Human pride seeks elevation in varying forms according to personal desire. It is an innate and relentless passion, detesting any seeming form of oppression or hindrance to the escalation of personal power. Whether this pursuit takes a more obvious platform in public view or a more conspicuous position of self-righteousness, it is nonetheless self-seeking. This is perhaps a most accurate truth in America, where the rugged spirit of individualism has emboldened the demand for equality in every sphere. Pride is absolved of its sinful reputation and rather justified by the urging to “be the best.” Indeed, it is considered an injury to the psychological idol of self-esteem and affront to reason to willingly accept the unseen position. This is exactly why the biblical term “helper” arouses so many raised eyebrows and frowns. The natural mentality will scoff at the keeper at home because her job is supposedly less important; it allows no time for the woman to “find herself.” The more spiritual mentality will quickly propose that the home offers little if any place for ministry, that the female as “simple” wife and mother scarcely contributes to social betterment outside the four walls of her dwelling. The recontructionist will insist that Scripture changes with time, and that the role of “helper” adapts with humanity’s needs of the age. Yet, such judgments are also often made far before the term is even explained and rightly understood in proper context and ultimate end.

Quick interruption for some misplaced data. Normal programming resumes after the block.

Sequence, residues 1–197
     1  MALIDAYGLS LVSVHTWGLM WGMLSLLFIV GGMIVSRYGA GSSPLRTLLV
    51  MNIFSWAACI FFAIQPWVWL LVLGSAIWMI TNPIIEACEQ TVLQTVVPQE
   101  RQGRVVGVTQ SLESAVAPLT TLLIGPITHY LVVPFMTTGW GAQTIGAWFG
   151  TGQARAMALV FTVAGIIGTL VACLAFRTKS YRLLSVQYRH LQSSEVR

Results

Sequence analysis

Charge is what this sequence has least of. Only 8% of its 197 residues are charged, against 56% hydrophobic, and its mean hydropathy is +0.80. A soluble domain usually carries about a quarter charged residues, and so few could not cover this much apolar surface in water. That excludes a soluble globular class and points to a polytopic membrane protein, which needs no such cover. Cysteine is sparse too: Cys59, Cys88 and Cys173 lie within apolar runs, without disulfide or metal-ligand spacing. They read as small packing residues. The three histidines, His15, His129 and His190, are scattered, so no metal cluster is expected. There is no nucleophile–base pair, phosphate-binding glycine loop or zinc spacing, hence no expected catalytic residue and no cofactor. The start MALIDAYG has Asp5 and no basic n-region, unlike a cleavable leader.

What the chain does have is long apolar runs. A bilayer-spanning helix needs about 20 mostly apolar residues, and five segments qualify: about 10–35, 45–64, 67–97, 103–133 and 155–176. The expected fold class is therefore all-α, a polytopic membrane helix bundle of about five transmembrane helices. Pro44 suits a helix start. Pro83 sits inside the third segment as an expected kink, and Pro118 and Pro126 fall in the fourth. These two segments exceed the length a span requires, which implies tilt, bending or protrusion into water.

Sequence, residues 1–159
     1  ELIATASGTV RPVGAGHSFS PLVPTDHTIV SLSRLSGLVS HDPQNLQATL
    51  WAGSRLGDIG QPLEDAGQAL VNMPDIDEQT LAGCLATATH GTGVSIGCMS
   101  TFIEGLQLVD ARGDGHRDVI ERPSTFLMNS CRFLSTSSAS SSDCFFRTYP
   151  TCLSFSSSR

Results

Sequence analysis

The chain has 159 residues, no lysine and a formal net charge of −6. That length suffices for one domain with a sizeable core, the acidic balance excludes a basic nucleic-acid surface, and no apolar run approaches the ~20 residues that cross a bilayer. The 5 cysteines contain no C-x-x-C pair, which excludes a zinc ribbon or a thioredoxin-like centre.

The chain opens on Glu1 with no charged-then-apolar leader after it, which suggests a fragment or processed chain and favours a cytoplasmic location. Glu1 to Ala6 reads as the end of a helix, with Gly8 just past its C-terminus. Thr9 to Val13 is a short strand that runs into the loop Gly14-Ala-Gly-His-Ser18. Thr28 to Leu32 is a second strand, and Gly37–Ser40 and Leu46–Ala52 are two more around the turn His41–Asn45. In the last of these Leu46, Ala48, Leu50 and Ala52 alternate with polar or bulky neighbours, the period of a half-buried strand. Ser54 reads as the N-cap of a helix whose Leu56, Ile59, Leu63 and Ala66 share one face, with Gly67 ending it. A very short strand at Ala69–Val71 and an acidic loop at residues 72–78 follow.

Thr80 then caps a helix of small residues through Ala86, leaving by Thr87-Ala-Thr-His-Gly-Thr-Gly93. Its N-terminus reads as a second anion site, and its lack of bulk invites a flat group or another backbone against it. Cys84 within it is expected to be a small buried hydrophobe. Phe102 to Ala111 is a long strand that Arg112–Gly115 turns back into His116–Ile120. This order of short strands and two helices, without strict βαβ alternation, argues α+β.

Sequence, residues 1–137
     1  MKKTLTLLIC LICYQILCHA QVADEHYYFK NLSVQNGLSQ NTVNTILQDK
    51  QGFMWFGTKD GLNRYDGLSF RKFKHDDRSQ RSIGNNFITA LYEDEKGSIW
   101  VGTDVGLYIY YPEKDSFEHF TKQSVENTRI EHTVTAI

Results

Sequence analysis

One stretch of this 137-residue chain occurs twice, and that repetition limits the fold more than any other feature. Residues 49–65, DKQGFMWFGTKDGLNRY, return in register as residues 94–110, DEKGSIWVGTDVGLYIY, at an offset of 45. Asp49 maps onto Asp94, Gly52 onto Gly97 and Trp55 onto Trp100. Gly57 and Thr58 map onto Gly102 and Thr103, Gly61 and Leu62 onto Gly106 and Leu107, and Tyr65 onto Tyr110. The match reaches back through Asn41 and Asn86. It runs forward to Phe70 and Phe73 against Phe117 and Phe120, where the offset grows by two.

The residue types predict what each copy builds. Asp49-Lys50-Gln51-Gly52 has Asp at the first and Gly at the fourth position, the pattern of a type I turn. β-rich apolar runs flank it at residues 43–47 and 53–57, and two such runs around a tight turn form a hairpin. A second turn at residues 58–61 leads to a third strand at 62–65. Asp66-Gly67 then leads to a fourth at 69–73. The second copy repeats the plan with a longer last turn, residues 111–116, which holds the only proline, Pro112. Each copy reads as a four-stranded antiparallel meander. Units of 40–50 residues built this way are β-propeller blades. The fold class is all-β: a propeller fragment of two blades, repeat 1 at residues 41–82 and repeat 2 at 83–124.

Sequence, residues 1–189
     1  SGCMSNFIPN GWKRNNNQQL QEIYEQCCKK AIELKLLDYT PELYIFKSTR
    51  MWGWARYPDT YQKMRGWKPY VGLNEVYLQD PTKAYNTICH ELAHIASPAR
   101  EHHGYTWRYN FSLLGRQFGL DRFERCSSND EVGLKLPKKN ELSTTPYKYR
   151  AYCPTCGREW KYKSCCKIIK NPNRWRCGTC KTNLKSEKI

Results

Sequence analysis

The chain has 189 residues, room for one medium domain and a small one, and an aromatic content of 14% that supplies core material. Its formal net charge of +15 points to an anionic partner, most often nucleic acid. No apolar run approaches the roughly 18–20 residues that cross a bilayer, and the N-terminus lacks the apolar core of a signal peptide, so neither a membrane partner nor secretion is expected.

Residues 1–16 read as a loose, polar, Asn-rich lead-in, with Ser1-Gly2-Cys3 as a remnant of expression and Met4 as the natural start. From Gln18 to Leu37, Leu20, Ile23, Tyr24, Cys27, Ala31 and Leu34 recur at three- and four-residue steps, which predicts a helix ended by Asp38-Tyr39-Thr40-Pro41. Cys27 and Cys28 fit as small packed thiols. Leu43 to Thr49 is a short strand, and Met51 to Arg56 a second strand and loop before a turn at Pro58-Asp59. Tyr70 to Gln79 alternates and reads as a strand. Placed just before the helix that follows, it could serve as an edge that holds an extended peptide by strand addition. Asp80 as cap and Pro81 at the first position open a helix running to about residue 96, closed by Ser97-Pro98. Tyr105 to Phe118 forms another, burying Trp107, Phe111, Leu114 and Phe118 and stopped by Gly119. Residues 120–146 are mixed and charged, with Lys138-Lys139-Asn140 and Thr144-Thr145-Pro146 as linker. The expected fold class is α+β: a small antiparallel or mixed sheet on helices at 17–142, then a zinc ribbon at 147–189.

The idea that the housewife has little influence outside of her domain is a dependent assertion, indeed. Outcome is always relative to one’s incentive, is it not? That the woman in the workforce can accomplish as much for the Kingdom of God as the woman who merely resides at home is true—yet neither woman is the “keeper at home” described by Titus:
“To be discreet, chaste, keepers at home, good,
obedient to their own husbands, that the word of God be not blasphemed.” ~ Titus 2:5